Current mortgage rates: fixed rate reductions and help to buy boom

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This week has been a mixed bag in terms of rate movements, with buy to let, help to buy and fixed rate deals taking centre stage. Swap rates leapt back up this week after rising house prices were deemed a major threat to the economy, however, as expectations of interest rate rises eased, mortgage rates have remained exceptionally low with competition in the market stronger than ever.

As the outcome of buy to let changes reverberates throughout the market, soon-to-be tax relief changes have pushed the motive to grab a deal while it’s hot – and do so before changes come into action next year. Banks’ end of year targets are looming, causing many lenders to pull some of their best deals out of the hat – evident from the flurry of reduced fixed rates launched this week. Incidentally, mortgage lending hit levels unseen since before the financial crisis, while mortgage rates have dropped to the lowest figures on record.

Meanwhile, in line with our prediction last week, the rise of commercial landlords in the evolving market have been filtering into buy to let, as lenders continue to respond to news that commercial landlords will be exempt from tax relief changes.

Despite the rocky terrain for other landlords, however, the Chancellor has lent a helping hand to those stepping onto the property ladder. A wave of Help to Buy ISAs flooded the mortgage market this week, including prosperous help to buy deals and saving incentives. Skipton Building Society, for example, has revealed a new help to buy product range with up to 0.65% cuts on high loan to value (LTV) products and 0.2% on existing help to buy purchase and remortgage rates.

As ever, we’ve been keeping track of the latest rate changes and posting them in our daily rate updates. A trend of help to buy ISAs and reduced fixed rates has evidently developed over the past week…even with some buy to let reductions thrown into the mix.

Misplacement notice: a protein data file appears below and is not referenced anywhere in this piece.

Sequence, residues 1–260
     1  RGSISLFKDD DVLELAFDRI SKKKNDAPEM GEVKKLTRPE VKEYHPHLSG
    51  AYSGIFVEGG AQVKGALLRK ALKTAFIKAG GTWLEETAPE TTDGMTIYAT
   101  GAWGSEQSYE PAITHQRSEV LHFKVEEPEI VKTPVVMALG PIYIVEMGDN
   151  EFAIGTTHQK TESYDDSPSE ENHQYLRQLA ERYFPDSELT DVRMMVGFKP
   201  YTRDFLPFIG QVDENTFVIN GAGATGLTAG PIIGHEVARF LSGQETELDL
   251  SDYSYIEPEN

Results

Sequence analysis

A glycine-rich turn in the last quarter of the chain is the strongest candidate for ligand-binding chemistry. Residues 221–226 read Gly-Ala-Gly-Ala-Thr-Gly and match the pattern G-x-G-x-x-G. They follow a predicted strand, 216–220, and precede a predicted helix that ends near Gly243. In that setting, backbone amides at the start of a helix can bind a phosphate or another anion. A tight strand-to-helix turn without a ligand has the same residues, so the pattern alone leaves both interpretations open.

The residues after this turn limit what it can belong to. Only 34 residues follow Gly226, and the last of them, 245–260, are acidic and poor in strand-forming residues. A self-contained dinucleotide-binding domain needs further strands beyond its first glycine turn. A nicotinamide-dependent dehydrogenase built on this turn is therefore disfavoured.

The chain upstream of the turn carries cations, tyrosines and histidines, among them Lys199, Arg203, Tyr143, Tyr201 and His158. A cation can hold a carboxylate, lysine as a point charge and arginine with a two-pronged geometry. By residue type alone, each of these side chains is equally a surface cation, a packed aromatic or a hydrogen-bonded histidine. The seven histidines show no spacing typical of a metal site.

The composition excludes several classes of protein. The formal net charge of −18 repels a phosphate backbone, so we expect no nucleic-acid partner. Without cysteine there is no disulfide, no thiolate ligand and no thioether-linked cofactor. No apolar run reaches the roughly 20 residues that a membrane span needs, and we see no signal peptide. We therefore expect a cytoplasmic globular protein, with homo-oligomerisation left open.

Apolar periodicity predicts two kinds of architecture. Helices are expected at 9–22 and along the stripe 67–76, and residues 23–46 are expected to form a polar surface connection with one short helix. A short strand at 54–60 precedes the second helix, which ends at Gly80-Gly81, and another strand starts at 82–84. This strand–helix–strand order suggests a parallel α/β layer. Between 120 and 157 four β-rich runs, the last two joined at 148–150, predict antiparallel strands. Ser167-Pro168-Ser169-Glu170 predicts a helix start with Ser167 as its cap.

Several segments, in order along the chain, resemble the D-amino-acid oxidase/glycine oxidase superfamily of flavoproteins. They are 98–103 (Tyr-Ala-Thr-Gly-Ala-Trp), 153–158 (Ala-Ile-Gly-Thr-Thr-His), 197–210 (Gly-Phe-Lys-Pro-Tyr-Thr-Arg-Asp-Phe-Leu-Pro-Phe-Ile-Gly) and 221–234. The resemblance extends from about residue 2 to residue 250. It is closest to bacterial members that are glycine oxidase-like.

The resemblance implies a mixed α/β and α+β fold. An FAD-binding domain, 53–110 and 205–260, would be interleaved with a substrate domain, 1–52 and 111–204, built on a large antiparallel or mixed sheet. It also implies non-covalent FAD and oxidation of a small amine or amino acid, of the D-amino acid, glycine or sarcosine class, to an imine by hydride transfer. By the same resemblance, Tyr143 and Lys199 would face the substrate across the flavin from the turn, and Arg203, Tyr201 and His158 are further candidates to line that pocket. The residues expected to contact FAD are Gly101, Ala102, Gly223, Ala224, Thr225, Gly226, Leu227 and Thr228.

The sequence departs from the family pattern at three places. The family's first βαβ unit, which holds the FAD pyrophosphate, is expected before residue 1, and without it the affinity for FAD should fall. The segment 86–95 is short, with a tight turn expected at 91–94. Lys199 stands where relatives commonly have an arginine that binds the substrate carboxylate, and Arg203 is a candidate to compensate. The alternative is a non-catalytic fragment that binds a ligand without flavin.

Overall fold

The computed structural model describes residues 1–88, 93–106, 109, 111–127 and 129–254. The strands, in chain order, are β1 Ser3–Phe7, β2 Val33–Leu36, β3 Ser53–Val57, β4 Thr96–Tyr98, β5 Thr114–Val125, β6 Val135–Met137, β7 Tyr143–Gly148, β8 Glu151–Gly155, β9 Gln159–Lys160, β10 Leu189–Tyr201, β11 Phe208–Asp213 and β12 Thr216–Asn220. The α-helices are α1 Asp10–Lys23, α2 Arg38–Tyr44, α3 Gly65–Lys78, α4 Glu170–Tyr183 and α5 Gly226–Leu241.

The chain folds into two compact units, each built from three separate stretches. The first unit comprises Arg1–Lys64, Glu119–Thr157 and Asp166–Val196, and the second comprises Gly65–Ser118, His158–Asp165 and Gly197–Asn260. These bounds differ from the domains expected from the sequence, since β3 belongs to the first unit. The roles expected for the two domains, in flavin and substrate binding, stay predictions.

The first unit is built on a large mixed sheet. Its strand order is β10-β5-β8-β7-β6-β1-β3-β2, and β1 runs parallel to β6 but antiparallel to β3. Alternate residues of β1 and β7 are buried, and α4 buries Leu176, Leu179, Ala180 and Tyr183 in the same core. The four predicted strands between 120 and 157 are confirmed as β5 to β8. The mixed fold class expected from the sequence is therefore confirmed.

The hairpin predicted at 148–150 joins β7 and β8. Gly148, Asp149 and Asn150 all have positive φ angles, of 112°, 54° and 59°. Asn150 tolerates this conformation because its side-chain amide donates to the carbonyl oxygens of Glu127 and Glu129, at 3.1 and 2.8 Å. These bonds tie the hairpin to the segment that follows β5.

Accord has reduced its 2 year fixed rate 75% LTV products, so that landlords with a 25% deposit will now access a 2.19% rate with a £2,495 product fee, as well as releasing a 3.09% fixed rate with no product fee and £500 cashback upon completion.

Santander has equally updated its buy to let offering, with new 60-75% LTV products available for purchase and remortgages. This includes a 1.99% 2 year fixed rate at 60% LTV with a 1.5% booking fee, a 2.54% 2 year fixed rate at 75% LTV and a 3.64% 5 year fixed rate at 75% LTV.

A limited edition 75% LTV buy to let product range was launched by Precise Mortgages. Lifetime tracker rates have been reduced to 0.26%, 5 year fixes were discounted by 0.4%, while 2 year fixed rates lowered by 0.3% and 2 year tracker mortgages now stand at 3.39%.

At the fixed rates end of the market, Tesco Bank made cuts on 2, 3 and 5 year fixed rate products, revealing some of the most competitive rates on the market. These include a 2.19% 5 year fixed rate at 60% LTV with an £800 product fee, a 2.34% 3 year fixed rate at 85% LTV, as well as a 2.59% 5 year fix at 80% LTV and a 2.79% 5 year fix at 85% LTV.

BM Solutions on the other hand, decided to increase rates on 2 year transfer products by 0.2%, perhaps in line with the increasing demand of customers looking to switch deals…

Virgin Money was another lender to apply changes to fixed rates – this time reducing its offering. Removing products across its 2 and 5 year fixed rates, for both remortgage and purchases. Virgin Money has instead extended its offering to buy to let, unveiling its latest range of 2 and 5 year fixed rate buy to let mortgages.

Combining low fees and a decent cashback offer, Virgin Money’s 2 year fixed rates have now fallen below 2%, while 5 year deals sit below 3% for property investors with higher deposits. The biggest highlight of its new offers is a 2 year fixed rate of 1.99% with a £1,995 fee plus £750 cashback.

The future of when rate rises will occur remains speculative, so we recommend taking advantage of the best deals available right now to ensure you do not miss out, and prepare your finances for change. Who knows what next week’s rates will bring?





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